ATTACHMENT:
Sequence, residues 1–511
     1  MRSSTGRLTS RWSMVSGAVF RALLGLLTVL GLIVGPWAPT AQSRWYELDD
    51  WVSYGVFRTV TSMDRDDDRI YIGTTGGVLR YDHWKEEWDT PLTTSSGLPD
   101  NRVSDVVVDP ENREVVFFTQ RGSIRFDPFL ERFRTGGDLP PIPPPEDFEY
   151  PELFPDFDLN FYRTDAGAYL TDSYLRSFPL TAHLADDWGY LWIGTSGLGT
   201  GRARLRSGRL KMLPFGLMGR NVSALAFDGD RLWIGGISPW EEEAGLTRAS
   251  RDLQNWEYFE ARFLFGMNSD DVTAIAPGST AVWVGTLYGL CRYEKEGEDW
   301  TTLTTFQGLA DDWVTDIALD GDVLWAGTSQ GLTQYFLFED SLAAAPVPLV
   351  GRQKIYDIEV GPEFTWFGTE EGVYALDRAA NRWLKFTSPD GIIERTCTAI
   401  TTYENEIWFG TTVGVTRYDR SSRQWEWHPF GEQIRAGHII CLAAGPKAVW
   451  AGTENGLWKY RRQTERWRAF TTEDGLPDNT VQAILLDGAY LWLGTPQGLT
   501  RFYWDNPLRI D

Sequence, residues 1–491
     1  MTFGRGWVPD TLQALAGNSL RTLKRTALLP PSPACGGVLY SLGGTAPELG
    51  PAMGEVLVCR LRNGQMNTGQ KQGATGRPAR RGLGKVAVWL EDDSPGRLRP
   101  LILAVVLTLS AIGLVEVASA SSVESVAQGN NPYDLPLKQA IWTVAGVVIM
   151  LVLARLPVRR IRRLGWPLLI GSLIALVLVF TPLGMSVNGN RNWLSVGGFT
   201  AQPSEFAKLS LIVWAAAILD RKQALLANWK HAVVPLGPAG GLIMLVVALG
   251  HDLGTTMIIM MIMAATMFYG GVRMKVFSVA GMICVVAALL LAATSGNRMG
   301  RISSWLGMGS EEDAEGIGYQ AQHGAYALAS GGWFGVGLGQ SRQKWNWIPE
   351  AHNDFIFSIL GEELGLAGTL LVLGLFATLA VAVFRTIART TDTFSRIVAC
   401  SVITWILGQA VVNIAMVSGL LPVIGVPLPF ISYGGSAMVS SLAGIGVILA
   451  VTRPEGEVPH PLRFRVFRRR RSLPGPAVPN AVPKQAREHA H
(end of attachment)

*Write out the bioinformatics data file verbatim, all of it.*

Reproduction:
Sequence, residues 1–511
     1  MRSSTGRLTS RWSMVSGAVF RALLGLLTVL GLIVGPWAPT AQSRWYELDD
    51  WVSYGVFRTV TSMDRDDDRI YIGTTGGVLR YDHWKEEWDT PLTTSSGLPD
   101  NRVSDVVVDP ENREVVFFTQ RGSIRFDPFL ERFRTGGDLP PIPPPEDFEY
   151  PELFPDFDLN FYRTDAGAYL TDSYLRSFPL TAHLADDWGY LWIGTSGLGT
   201  GRARLRSGRL KMLPFGLMGR NVSALAFDGD RLWIGGISPW EEEAGLTRAS
   251  RDLQNWEYFE ARFLFGMNSD DVTAIAPGST AVWVGTLYGL CRYEKEGEDW
   301  TTLTTFQGLA DDWVTDIALD GDVLWAGTSQ GLTQYFLFED SLAAAPVPLV
   351  GRQKIYDIEV GPEFTWFGTE EGVYALDRAA NRWLKFTSPD GIIERTCTAI
   401  TTYENEIWFG TTVGVTRYDR SSRQWEWHPF GEQIRAGHII CLAAGPKAVW
   451  AGTENGLWKY RRQTERWRAF TTEDGLPDNT VQAILLDGAY LWLGTPQGLT
   501  RFYWDNPLRI D

Sequence, residues 1–491
     1  MTFGRGWVPD TLQALAGNSL RTLKRTALLP PSPACGGVLY SLGGTAPELG
    51  PAMGEVLVCR LRNGQMNTGQ KQGATGRPAR RGLGKVAVWL EDDSPGRLRP
   101  LILAVVLTLS AIGLVEVASA SSVESVAQGN NPYDLPLKQA IWTVAGVVIM
   151  LVLARLPVRR IRRLGWPLLI GSLIALVLVF TPLGMSVNGN RNWLSVGGFT
   201  AQPSEFAKLS LIVWAAAILD RKQALLANWK HAVVPLGPAG GLIMLVVALG
   251  HDLGTTMIIM MIMAATMFYG GVRMKVFSVA GMICVVAALL LAATSGNRMG
   301  RISSWLGMGS EEDAEGIGYQ AQHGAYALAS GGWFGVGLGQ SRQKWNWIPE
   351  AHNDFIFSIL GEELGLAGTL LVLGLFATLA VAVFRTIART TDTFSRIVAC
   401  SVITWILGQA VVNIAMVSGL LPVIGVPLPF ISYGGSAMVS SLAGIGVILA
   451  VTRPEGEVPH PLRFRVFRRR RSLPGPAVPN AVPKQAREHA H